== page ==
• San Mig Coffee’s win in PBA Philippine Cup extra special for Coach Cone


    For veteran coach Tim Cone, the successful campaign of the San Mig Coffee Mixers in the 39th PBA Philippine Cup is extra special.

    Cone, who was behind Alaska’s grand slam title in 1996, said the Super Coffee Mixers have achieved the improbable when they conquered Rain or Shine 93-87 in Game 6 of the best-of-seven finals series Wednesday night at the Araneta Coliseum.

    “It was an exciting journey and most likely the most exciting,” Cone told reporters during the postgame interview. “There was a lot of support coming from our fans even when we were down 1-4 during the elimination round. The fans keep telling us that they still believe.”

    San Mig Coffee got the needed lift from rookie second overall pick 6’7 Ian Sangalang, playmaker Marc Barroca, Peter June Simon, 6’4 Jean Marc Pingris and veteran scorer James Yap.

    Yap and Simon had key roles in the semifinals where San Mig Coffee upset the No. 1 Barangay Ginebra Gin Kings.

    Ginebra was bannered by 7-footer rookie Greg Slaughter and 6’8 Japeth Aguilar.

    San Mig Coffee also survived Talk “N Text in the best-of-three quarterfinals.

    In the finals, San Mig Coffee matched the physical play of the Elasto Paint Masters to snatch Games 2, 3 and 4 for a 3-1 lead in the series before losing Game 5.

    “We are just fortunate to win those close games because normally Rain or Shine won those. My players just worked hard in this series,” said Cone, now the winningest coach in the PBA with 16 championship trophies. “We didn’t quit that’s why I’m so proud of my players.”

    Despite surpassing Baby Dalupan’s in the all-time list of the most successful coaches, Cone said no one could surpass the Dalupan’s feat.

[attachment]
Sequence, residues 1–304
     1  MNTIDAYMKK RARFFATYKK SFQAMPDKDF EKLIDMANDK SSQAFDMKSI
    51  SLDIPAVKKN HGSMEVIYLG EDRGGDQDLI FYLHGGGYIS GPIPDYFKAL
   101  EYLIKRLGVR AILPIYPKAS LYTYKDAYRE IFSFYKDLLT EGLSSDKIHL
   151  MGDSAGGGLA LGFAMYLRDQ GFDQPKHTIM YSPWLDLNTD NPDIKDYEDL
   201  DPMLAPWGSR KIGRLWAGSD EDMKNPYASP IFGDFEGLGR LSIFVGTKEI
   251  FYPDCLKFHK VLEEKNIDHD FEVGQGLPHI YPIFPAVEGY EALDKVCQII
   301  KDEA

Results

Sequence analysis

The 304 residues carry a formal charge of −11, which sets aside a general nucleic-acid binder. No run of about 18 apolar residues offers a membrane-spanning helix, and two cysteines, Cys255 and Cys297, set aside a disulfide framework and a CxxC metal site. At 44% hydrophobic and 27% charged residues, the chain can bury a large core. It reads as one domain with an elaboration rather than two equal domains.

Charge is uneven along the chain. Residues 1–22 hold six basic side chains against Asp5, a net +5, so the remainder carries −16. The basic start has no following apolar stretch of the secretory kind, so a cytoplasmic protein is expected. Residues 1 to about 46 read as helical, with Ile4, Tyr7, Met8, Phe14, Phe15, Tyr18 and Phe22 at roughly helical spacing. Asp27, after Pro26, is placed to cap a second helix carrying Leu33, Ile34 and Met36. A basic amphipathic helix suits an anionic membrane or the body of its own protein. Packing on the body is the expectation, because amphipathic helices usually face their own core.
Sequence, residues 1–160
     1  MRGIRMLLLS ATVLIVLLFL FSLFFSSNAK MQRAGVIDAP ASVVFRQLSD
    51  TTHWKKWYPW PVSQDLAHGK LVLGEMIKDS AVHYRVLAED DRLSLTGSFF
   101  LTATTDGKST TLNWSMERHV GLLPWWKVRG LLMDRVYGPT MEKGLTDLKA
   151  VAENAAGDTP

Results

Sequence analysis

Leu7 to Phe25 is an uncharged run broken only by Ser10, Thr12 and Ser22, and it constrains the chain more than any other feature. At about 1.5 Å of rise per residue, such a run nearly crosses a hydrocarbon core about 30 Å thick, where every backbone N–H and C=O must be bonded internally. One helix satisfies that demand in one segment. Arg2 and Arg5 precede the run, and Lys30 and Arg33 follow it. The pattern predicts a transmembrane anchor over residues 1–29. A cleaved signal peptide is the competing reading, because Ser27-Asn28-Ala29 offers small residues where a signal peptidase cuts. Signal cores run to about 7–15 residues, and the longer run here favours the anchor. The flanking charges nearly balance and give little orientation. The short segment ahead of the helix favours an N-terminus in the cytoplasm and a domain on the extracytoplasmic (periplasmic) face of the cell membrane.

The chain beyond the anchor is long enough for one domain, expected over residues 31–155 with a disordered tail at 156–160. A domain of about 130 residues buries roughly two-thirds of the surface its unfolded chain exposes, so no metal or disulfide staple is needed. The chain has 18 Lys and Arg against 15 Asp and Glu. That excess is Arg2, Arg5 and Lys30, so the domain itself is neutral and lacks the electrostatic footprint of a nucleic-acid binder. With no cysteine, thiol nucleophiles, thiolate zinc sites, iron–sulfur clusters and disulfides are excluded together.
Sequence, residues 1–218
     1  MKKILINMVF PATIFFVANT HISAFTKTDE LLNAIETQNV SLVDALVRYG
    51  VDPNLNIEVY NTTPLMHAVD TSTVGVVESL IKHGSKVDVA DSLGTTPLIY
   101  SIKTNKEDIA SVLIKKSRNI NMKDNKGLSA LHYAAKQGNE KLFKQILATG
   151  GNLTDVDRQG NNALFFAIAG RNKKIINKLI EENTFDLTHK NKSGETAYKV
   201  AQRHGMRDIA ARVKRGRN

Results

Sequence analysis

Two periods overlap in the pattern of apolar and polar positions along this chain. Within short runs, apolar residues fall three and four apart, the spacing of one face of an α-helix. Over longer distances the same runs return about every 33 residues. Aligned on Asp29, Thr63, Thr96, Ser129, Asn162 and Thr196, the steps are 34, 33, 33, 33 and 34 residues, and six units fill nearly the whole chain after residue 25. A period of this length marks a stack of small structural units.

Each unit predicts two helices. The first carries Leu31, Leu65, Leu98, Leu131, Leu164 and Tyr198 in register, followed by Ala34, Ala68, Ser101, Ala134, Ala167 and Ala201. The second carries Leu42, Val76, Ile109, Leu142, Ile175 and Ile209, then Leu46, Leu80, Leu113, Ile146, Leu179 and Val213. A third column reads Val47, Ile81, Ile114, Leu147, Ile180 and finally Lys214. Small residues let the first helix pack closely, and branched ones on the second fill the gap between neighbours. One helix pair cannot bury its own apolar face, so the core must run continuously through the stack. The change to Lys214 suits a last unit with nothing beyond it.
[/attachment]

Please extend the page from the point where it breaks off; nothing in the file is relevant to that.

“Nobody can surpass Baby. He’s the father of all the coaches,” said Cone, who dedicated the title to former San Mig Corporation’s alternate governor Ely Capacio who died recently due to heart attack.

    Rain or Shine, meanwhile, faces a P2 million for briefly walking out of the game Wednesday night.

    PBA Commissioner Chito Salud raised the possibility of a stiff fine in a statement released to media on Thursday.

    Elasto Paint Masters coach Yeng Guiao ordered his players to leave the court with 11:39 minutes left in the second quarter to protest a string of unfavorable calls, including a foul called on JR Quiñahan on Pingris.

    “The rules on walkouts, partial or otherwise, are clear and we will enforce them accordingly,” Salud said. “I commend and respected all the players of both teams who gave it all for the game and the fans.”

    According to PBA rules, a partial walkout is fined P2 million, and a full walkout, in which the team does not return to the court, is P10 million.

    Guiao said there was a huge difference in terms of calls in Game Six, unlike in the first five matches.




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